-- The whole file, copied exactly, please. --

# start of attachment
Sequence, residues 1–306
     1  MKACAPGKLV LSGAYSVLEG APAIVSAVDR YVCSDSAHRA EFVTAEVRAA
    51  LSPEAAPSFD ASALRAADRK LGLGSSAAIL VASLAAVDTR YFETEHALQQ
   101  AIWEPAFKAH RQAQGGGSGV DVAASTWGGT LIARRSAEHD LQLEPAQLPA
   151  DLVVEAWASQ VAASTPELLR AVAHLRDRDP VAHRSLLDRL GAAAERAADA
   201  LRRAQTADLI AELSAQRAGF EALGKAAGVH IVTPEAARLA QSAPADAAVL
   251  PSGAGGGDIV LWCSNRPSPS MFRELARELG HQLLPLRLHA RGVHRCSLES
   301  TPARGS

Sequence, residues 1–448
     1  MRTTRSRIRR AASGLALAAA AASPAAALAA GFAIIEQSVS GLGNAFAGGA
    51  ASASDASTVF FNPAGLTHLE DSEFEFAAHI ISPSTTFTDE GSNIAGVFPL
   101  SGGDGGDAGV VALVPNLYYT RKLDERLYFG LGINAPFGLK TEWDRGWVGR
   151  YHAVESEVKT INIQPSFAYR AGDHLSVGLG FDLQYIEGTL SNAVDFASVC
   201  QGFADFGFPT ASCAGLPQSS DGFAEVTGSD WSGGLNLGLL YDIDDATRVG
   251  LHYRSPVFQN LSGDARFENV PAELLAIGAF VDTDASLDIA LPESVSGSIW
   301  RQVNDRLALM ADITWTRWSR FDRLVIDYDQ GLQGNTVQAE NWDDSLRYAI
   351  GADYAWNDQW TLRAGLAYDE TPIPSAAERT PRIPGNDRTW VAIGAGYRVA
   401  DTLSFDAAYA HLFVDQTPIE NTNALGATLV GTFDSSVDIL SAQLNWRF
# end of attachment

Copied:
Sequence, residues 1–306
     1  MKACAPGKLV LSGAYSVLEG APAIVSAVDR YVCSDSAHRA EFVTAEVRAA
    51  LSPEAAPSFD ASALRAADRK LGLGSSAAIL VASLAAVDTR YFETEHALQQ
   101  AIWEPAFKAH RQAQGGGSGV DVAASTWGGT LIARRSAEHD LQLEPAQLPA
   151  DLVVEAWASQ VAASTPELLR AVAHLRDRDP VAHRSLLDRL GAAAERAADA
   201  LRRAQTADLI AELSAQRAGF EALGKAAGVH IVTPEAARLA QSAPADAAVL
   251  PSGAGGGDIV LWCSNRPSPS MFRELARELG HQLLPLRLHA RGVHRCSLES
   301  TPARGS

Sequence, residues 1–448
     1  MRTTRSRIRR AASGLALAAA AASPAAALAA GFAIIEQSVS GLGNAFAGGA
    51  ASASDASTVF FNPAGLTHLE DSEFEFAAHI ISPSTTFTDE GSNIAGVFPL
   101  SGGDGGDAGV VALVPNLYYT RKLDERLYFG LGINAPFGLK TEWDRGWVGR
   151  YHAVESEVKT INIQPSFAYR AGDHLSVGLG FDLQYIEGTL SNAVDFASVC
   201  QGFADFGFPT ASCAGLPQSS DGFAEVTGSD WSGGLNLGLL YDIDDATRVG
   251  LHYRSPVFQN LSGDARFENV PAELLAIGAF VDTDASLDIA LPESVSGSIW
   301  RQVNDRLALM ADITWTRWSR FDRLVIDYDQ GLQGNTVQAE NWDDSLRYAI
   351  GADYAWNDQW TLRAGLAYDE TPIPSAAERT PRIPGNDRTW VAIGAGYRVA
   401  DTLSFDAAYA HLFVDQTPIE NTNALGATLV GTFDSSVDIL SAQLNWRF